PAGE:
|Founded||Cape Town, South Africa (1998-05-07)|
|Headquarters||Cape Town, South Africa|
|Owner/Founder Mike Beachy Head; CEO Emilio Titus|
Thunder City is an aircraft operating and maintenance company based at the Cape Town International Airport in Cape Town, South Africa. It was well known for owning the largest civilian collection of former military jet aircraft in the world. These aircraft were used to perform in airshows and could also be chartered by the general public for recreational flights, including going supersonic and climbing to altitudes around 50,000 feet. Following a fatal accident in 2009 in which an English Electric Lightning crashed at an airshow, the company ceased flying operations after the accident investigation found major shortcomings in its maintenance programme.
Thunder City Holdings (Pty) Ltd. is the parent company of several subsidiaries:
- Thunder City Aircraft Company
- Thunder City Aircraft Maintenance Company
- Thunder City Education
- Thunder City Aircraft Entertainment
- Thunder City Flying Company
- Thunder City Property Company
Some of the aircraft are the most recently airworthy examples of the type.
- Three English Electric Lightning. One T5 was lost in an accident on 14 November 2009.
- Three Blackburn Buccaneers.
- Seven Hawker Hunters.
- One BAC Strikemaster.
- One Aerospatiale Puma, a demonstrator of the company's upgrade and refurbishment services.
- One Gloster Javelin FAW Mk.1 (RAF No. XA553). Mounted as a "Gate Guard" on display at the entrance to the company premises.
In October 2012, three Lightnings, three Buccaneers and four Hawker Hunters were put up for sale.
AAD 2008 controversy
During a display flight at the 2008 African Aerospace and Defence (AAD) show in Cape Town a pair of Thunder City Lightnings flew close to the city at supersonic speed. Only the higher one of the pair was planned to fly supersonic as it was considered to be high enough so as not to cause alarm, however the lower aircraft also broke the sound barrier. The resulting sonic boom brought many complaints from the public.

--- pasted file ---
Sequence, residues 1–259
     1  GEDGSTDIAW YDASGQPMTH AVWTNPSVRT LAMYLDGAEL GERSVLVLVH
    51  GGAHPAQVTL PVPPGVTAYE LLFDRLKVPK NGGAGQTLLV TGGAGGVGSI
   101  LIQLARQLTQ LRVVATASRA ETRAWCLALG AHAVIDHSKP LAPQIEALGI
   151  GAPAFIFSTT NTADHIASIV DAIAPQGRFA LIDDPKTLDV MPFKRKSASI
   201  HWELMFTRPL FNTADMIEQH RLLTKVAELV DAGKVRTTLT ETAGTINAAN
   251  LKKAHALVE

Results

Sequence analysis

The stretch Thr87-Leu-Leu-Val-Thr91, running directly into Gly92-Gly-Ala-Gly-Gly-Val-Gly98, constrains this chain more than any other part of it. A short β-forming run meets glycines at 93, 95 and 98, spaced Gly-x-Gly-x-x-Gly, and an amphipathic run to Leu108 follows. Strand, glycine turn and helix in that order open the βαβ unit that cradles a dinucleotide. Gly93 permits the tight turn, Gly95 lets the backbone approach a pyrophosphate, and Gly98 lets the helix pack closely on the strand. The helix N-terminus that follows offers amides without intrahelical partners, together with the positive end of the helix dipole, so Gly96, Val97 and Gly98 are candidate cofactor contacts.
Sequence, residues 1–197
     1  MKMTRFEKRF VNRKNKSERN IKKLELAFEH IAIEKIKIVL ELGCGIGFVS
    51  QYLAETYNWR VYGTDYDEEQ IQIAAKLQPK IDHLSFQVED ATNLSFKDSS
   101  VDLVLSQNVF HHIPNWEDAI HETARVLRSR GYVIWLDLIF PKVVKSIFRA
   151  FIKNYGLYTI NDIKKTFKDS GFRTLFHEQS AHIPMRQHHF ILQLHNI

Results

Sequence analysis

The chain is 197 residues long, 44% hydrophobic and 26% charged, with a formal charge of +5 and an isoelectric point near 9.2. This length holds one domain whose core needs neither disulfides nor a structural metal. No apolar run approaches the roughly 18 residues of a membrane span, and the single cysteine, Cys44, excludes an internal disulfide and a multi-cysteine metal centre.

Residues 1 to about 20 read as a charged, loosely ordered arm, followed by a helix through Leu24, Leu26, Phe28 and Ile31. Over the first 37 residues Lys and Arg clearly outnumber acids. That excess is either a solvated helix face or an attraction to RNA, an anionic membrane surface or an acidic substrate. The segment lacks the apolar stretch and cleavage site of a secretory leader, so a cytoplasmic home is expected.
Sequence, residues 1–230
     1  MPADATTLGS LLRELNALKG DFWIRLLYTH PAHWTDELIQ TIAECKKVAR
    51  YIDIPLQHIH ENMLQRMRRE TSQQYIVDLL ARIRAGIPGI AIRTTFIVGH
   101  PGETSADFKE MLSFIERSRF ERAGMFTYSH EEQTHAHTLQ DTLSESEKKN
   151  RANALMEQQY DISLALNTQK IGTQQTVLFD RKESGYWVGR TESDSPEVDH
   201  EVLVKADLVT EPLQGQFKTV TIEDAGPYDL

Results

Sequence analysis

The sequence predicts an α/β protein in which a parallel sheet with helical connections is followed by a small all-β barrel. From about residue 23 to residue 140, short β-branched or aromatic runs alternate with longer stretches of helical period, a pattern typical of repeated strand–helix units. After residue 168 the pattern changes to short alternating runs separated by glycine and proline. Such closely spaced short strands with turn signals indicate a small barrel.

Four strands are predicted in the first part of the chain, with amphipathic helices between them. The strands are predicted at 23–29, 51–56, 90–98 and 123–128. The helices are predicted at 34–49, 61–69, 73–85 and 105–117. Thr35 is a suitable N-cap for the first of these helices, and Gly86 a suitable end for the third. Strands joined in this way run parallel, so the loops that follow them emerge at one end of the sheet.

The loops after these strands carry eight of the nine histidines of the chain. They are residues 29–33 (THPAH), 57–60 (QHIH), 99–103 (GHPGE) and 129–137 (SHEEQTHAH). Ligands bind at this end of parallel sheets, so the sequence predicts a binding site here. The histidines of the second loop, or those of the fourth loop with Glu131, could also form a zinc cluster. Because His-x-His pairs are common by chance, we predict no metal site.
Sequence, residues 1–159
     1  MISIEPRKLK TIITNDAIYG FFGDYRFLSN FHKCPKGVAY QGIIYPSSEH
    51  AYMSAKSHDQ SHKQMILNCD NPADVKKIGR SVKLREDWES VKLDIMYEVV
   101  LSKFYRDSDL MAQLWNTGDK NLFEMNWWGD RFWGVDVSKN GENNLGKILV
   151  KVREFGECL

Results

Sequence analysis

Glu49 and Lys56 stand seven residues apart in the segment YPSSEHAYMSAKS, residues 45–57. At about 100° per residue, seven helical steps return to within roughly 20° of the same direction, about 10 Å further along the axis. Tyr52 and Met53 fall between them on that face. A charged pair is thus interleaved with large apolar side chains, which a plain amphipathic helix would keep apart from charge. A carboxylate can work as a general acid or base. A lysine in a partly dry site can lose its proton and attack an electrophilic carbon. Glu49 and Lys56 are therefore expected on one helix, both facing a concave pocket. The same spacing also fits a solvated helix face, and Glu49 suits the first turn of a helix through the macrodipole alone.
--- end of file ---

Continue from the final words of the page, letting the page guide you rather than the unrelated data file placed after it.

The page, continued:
2009 Lightning crash
An English Electric Lightning T5, ZU-BEX, (RAF No. XS451) crashed while carrying out a display at the biennial South African Air Force Overberg Airshow held at AFB Overberg near Bredasdorp on 14 November 2009.
The accident investigation found major shortcomings in the maintenance program of the aircraft, consequently the South African Civil Aviation Authority suspended the company's operating certificate in March 2010. On 9 September 2010, it was reported that the Thunder City fleet would no longer take paying passengers.
On 22 August 2011 three Lightnings, three Buccaneers and four Hunters were listed as "for sale by private treaty" with Go Industry. The closing date for bids was 27 April 2012. The first time Thunder City participated in an airshow since the 2009 crash was on 21 April 2012 at the AFB Overberg airshow.
- The fire was caused by a fuel leak in the pipework supplying one of the aft-mounted reheat units. This leaked fuel pooled in the lower rear fuselage before the accident flight, being ignited by the reheat used during take-off. The resulting internal fire then burnt through the tailplane PFCU (Powered Flying Control Unit) hydraulic supply lines leading to a total loss of elevator control.
- The Martin-Baker Mk.4 ejection seat was inhibited from operating due to the canopy failing to jettison. This failure was found to be due to internal corrosion within some piping leading to the rupture under pressure of the line supplying high-pressure gas to the left canopy securing latch during canopy jettisoning, leaving the latch still engaged - normal release of both latches at the front of the canopy during jettisoning allows the airflow to flip the canopy up and away from the aircraft which then permits automatic activation of the seat firing mechanism. The canopy could also be manually jettisoned but investigators assume the pilot did not have the time to do so due to the low altitude at which the accident occurred. In the case of an unsuccessful automatic canopy jettison, the seat ejection system is designed to automatically fire the seat ejection gun as soon as the canopy has been successfully jettisoned manually. Although several of the ejection gun cartridges examined at Thunder City by investigators were past their 'expiry date', there is no reason to suppose they would not still have operated normally when and if they were actuated.
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